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Charlie McCreevy

European Commissioner for Internal Market and Services

Postal Services - Commissioner Charlie McCreevy's statement to the European Parliament

European Parliament Plenary Session
Strasbourg, 10 July 2007

Mr President, Honourable Members,

First of all, I would like to warmly thank the Committee on Transport and Tourism and in particular the rapporteur, Mr Markus Ferber, for the excellent work they have carried out in the preparation of your Report on the Postal Directive. This is all the more impressive as the preparation involved five other Committees and nearly 600 amendments. Moreover the dossier is politically highly sensitive and technically complex.

Our proposal is based on sound preparation. It is not the implementation of abstract theories dreamed up in an ivory tower or based on ideological zeal. Market opening is not an end in itself, but: good for the Consumer, good for business and therefore for the whole economy.

After months of discussion there is always a risk that sight is lost of the original intention. Therefore let me just remind you what our proposal actually entails:

  • First and foremost, the Commission's proposal aims at guaranteeing a high quality universal service for all users throughout the European Union. Postal users and consumers are entitled to top class postal services. They must be accessible to all at affordable prices;
  • Secondly, based on detailed study and wide consultation, the Commission confirmed in its proposal 2009 as the target date for the abolition of any remaining exclusive rights and monopolies. Such exclusive rights and monopolies prevent competition and the positive effects it has on innovation, quality and prices;
  • Thirdly, our proposal confirms the availability of a broad range of financing mechanisms Member States may chose from to finance any net cost or unfair burden the universal service obligation may impose on the universal service providers;
  • Fourthly, the proposal allows for more flexibility in terms of pricing of postal services so that they can better reflect actual costs, while maintaining the possibility for uniform tariffs for consumer or single-pierce tariff mail. The Commission attaches great importance to the role postal services play for territorial and social cohesion. Uniform tariffs for consumer mail are a reflection of this. The proposal also reinforces consumer rights for example in terms of redress;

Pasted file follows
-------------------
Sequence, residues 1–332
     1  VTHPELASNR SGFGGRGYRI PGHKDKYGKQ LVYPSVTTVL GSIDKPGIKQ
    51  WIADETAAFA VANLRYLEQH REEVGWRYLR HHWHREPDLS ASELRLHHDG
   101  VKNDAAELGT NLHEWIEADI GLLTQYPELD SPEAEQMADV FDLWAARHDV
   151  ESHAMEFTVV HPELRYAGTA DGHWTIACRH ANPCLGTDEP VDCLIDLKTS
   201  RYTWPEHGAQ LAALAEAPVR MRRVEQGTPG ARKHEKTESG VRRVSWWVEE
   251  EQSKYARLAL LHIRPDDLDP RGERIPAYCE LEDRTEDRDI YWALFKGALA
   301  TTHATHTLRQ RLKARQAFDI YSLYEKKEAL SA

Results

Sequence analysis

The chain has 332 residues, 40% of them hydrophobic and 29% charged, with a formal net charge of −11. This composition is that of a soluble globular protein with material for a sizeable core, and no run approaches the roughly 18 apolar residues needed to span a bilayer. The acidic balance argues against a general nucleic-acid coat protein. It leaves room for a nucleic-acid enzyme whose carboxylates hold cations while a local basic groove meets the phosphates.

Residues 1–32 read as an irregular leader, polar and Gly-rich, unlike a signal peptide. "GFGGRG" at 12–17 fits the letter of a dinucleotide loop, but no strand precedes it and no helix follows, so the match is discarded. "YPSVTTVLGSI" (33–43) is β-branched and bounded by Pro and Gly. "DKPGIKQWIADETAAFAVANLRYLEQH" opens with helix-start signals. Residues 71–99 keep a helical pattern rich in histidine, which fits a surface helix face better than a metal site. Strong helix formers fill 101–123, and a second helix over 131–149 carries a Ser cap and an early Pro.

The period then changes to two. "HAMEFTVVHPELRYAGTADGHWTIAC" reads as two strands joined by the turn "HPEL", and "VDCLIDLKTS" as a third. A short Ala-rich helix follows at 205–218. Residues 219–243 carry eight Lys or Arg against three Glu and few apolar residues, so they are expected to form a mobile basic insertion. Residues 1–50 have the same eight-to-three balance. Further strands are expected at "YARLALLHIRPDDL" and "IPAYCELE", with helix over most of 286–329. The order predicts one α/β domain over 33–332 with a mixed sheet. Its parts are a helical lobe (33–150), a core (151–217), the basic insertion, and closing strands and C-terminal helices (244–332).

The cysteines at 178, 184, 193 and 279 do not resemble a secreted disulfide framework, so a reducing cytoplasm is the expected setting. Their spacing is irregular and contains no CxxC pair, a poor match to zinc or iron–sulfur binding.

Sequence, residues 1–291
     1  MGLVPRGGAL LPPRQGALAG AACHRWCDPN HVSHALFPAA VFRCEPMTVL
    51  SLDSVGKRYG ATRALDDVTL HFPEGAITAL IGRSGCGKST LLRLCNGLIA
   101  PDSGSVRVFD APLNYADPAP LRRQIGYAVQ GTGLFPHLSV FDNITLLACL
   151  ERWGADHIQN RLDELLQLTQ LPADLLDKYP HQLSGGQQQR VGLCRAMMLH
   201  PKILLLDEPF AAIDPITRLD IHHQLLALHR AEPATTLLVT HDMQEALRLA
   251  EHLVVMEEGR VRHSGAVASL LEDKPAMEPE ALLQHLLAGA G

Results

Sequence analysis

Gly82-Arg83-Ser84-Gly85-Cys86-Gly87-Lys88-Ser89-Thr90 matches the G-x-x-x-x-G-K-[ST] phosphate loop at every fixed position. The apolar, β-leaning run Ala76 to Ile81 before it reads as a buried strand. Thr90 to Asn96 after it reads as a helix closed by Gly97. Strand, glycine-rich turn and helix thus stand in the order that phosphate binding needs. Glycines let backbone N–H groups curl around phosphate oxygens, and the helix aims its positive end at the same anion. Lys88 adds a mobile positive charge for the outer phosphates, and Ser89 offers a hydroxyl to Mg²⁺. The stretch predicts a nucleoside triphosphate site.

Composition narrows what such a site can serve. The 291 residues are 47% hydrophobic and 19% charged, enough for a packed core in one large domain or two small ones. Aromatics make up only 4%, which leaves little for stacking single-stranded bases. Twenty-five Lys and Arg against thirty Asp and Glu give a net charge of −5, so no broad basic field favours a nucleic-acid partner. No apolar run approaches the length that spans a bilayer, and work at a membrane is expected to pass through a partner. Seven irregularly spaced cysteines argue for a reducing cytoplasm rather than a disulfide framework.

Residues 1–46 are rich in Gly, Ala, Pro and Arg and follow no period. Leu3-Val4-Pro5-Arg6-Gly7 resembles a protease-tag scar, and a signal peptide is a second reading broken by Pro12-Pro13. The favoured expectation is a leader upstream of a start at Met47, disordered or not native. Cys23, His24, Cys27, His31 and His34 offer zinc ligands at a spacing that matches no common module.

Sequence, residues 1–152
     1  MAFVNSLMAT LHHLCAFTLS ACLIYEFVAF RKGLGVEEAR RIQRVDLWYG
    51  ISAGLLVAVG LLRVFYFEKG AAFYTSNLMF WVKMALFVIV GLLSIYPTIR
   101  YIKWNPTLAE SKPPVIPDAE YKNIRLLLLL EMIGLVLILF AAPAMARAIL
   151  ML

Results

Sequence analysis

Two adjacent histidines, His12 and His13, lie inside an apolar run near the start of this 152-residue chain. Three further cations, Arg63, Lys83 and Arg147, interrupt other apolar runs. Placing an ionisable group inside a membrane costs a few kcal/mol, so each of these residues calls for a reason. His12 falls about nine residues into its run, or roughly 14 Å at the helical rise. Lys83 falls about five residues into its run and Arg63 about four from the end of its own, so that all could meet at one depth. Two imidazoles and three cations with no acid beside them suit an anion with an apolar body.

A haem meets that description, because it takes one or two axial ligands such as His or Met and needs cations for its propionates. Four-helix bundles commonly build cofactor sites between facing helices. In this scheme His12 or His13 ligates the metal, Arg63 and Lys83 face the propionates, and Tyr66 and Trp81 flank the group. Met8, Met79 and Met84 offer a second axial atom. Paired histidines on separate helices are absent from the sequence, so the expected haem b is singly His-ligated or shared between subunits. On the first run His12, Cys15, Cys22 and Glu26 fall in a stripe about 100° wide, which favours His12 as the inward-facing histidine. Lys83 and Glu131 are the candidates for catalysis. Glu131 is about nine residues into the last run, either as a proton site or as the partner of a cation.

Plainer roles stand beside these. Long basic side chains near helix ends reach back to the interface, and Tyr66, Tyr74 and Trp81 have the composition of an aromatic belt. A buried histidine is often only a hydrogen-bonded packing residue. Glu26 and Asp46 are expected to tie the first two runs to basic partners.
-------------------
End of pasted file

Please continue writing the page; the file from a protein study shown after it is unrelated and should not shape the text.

• Fifthly, the proposal seeks to amend provisions concerning authorisation and licensing to reduce unjustified barriers to entry. The proposal also clarifies rules on the access to postal infrastructure;
  • Finally, the proposal provides for greater clarity on the role and independence of National Regulatory Authorities.

These elements build on the success achieved to date with the gradual opening of the market and will provide a framework that will allow the postal sector to develop its potential. It is truly the final step in a long process started the better part of two decades ago.

It is common knowledge that a "communications revolution" is taking place. This is a significant challenge for all of us in our daily lives; it poses a threat for those postal operators that fail to adapt. No reserved area can protect any postal operator from the competition from other means of communication. The only option is to reform and to adapt, to turn the challenge into an opportunity. This fast changing context makes it all the more necessary to finalise the reform process which started more than 15 years ago. The European Parliament has shaped this reform significantly at all stages. And the Commission is ready to assist so that the Internal Market on postal services can finally be accomplished.

Experience with market opening to date has been overwhelmingly positive. Efficiency, quality and performance have substantially increased. A high quality universal service at affordable prices is being provided throughout the European Union.

It is our joint responsibility that this continues to be the case. Full market opening is the right way forward. In the past months some have tried to portray market opening and the success of other postal operators as threats. However, most have now realised that these are challenges that we must face up to and that it is much more important to focus on how to face them. On the whole, the constructive approach prevails. This makes me optimistic that common ground on this important dossier can be found at the end of the day.

Let me conclude: This Directive constitutes an essential element of the Lisbon Agenda. The time is now ripe to give EU citizens the choice they are entitled to and expect. Mail users and consumers will be the main beneficiaries of the Directive. Market opening in 2009 will introduce controlled and regulated competition that will foster innovation, new business models and new services. It is not the question of dividing up the cake differently, or of introducing reform at the expense of the people working in the sector but it is the question of increasing the size of the market and letting all benefit from this.

Thank you very much for your attention.

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